Sarkisian: Bama thoughts fleeting, Texas set for 'epic' run

Alabama begins new era under DeBoer with spring game (3:53)

Kalen DeBoer catches the Crimson Tide on the field for his first spring game, as LSU, Arkansas and Florida all spring toward next fall as well. (3:53)

AUSTIN, Texas -- Steve Sarkisian was still unwrapping Texas' breakthrough 2023 season and at the same time casting an optimistic eye toward the future when he heard the news Jan. 10.

Nick Saban, his former boss at Alabama, was retiring after a legendary career that saw him win six national championships in Tuscaloosa, the last one in 2020 with Sarkisian as his offensive coordinator.

And, yes, Sarkisian acknowledged Wednesday, the possibility of replacing Saban entered his mind.

"Naturally, I'd be lying if I said I didn't think about it," Sarkisian told ESPN. "But it took me all of about 60 seconds to say, 'Yeah, I'm not doing that.' I had an awesome two years at Alabama and loved my time under Coach Saban, but ultimately you want to reap what you sow.

"We've poured a ton into this program for three years, and we're on the cusp, I think, of going on a run that will be epic. I believe that. Our staff does, and our players do, too, just the support we have and the culture we've created here. Why leave something like that?"

Sarkisian joked that Texas athletic director Chris Del Conte was calling about the time those 60 seconds were over and added, "That's a story for another day." But it really didn't matter, because Sarkisian was right where he wanted to be.

That same goes for his Texas program, which is right where Sarkisian hoped it would be entering his fourth season on the Forty Acres and with the Longhorns making the all-important move to the SEC in 2024.

"We have to continue to build the team, and when I say team, I mean culture," said Sarkisian, whose Longhorns made their first College Football Playoff appearance last season and won their first Big 12 championship since 2009.

"We're going to be plenty talented, right? I'm not concerned about us being talented. It's making sure that we're playing at our best when our best is needed in the critical moments of games, and you play your best when you trust the guy next to you or when you can be accountable to the guy next to you and not feel like you have to go out on your own and do something out of character. We've got to live every day that way.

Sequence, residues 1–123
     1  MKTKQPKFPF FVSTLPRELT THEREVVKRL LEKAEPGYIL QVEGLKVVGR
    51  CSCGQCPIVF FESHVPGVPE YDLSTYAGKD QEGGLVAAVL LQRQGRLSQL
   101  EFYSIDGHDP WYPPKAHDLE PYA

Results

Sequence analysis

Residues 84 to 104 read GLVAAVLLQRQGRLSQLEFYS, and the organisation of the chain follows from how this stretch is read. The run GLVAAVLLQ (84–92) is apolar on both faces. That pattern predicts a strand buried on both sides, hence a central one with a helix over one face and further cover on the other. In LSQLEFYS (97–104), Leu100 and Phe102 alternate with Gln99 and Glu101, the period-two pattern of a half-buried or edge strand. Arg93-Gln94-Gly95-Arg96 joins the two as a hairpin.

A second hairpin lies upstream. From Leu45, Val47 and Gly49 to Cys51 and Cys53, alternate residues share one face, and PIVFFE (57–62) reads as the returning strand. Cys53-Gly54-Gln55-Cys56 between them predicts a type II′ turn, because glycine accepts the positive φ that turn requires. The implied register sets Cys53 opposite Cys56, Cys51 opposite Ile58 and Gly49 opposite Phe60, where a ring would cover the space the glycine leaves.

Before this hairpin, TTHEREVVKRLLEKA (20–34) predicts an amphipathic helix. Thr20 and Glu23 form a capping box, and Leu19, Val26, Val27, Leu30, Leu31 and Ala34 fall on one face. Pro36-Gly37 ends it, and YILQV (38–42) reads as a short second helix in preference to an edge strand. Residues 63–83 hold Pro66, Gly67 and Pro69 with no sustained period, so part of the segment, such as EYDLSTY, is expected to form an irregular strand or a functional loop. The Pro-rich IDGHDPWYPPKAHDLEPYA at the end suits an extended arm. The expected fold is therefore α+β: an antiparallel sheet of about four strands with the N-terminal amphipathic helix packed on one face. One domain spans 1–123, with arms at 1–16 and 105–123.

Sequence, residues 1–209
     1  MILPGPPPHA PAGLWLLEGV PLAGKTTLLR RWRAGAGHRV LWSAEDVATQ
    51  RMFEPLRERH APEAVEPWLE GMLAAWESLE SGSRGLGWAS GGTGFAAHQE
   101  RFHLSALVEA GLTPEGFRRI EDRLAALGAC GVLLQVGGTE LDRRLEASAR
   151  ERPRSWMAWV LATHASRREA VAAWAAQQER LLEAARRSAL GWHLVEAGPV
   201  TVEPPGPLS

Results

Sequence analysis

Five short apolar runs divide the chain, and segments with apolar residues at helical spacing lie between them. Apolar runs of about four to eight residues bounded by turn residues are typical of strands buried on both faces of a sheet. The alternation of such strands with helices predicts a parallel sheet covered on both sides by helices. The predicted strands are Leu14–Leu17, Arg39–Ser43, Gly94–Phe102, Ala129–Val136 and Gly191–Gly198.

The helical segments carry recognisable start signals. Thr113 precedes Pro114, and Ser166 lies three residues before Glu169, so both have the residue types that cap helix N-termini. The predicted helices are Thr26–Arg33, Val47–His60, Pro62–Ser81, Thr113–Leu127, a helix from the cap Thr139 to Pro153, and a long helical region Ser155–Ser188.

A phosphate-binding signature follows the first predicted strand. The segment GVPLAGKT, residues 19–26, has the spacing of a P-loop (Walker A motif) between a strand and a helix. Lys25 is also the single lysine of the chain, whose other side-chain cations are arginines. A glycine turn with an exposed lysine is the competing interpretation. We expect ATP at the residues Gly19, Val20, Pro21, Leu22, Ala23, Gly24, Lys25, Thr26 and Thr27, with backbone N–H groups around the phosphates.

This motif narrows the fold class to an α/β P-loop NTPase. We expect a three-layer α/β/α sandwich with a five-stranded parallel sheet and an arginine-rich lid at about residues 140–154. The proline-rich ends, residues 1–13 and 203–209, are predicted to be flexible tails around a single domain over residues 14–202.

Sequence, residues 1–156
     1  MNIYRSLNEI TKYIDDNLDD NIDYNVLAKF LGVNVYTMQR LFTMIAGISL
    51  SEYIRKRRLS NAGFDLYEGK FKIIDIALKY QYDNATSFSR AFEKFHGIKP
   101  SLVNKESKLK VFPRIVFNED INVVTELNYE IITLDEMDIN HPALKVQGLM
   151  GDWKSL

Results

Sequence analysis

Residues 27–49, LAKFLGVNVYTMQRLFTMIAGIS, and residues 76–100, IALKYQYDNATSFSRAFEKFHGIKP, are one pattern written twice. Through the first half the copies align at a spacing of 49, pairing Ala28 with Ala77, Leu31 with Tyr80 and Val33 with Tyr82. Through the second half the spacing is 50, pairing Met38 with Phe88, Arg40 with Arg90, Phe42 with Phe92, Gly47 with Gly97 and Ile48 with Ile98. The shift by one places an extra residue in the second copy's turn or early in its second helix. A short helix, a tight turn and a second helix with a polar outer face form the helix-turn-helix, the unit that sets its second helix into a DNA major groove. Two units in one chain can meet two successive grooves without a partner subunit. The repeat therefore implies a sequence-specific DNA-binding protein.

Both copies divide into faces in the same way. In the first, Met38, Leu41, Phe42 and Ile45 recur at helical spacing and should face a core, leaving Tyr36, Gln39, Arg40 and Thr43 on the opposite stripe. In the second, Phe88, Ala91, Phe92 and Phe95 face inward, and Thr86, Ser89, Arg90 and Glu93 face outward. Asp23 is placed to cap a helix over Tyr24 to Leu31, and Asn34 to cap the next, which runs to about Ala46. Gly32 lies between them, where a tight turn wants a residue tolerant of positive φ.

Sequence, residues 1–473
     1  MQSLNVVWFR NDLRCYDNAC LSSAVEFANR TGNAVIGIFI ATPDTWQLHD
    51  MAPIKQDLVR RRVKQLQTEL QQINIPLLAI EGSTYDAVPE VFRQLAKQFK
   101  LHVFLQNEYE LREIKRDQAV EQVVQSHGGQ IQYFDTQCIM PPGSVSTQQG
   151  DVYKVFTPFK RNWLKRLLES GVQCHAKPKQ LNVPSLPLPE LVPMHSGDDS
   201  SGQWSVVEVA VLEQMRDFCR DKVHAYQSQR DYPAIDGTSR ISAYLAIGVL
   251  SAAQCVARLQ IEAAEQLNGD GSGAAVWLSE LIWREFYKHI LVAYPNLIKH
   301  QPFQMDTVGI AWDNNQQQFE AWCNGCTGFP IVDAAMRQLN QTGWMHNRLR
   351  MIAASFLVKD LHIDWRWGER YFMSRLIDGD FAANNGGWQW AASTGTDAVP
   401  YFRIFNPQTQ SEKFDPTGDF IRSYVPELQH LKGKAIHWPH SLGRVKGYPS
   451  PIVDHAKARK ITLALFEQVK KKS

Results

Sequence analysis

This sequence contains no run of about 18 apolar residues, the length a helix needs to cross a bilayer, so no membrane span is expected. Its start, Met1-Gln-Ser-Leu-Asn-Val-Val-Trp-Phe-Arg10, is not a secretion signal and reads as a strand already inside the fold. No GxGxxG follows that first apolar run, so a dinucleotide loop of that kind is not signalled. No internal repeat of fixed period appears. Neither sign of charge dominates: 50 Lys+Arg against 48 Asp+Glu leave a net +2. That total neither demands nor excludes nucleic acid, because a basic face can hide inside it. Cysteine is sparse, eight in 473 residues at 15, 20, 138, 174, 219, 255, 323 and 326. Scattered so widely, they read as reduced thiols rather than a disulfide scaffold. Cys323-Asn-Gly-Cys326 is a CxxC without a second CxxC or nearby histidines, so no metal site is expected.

"I think that's something we've done a great job of over four years, and I'm not trying to be arrogant in saying that. I just believe that. I think we have the best culture in college football, but we have to recreate it every year. Culture doesn't just carry over from one year to the next."

Quinn Ewers, one of the top returning quarterbacks in the nation, said it was obvious when he transferred to Texas from Ohio State in 2022 that Sarkisian had a definitive plan for how he wanted to overhaul the roster. The Longhorns needed to add depth and skill, but more importantly, add players committed to playing for one another. Ewers said the brotherhood on last year's team was the best he has been a part of at any level of football.

"We had a lot of veteran guys, guys who had been on this team for three years, had been through the coaching change, had been through all the ups and downs," said Ewers, who will be in his third season as the Longhorns' starter. "Coach Sark came in and kept guys he wanted to keep around and said goodbye to others, but I could tell that he was building something special."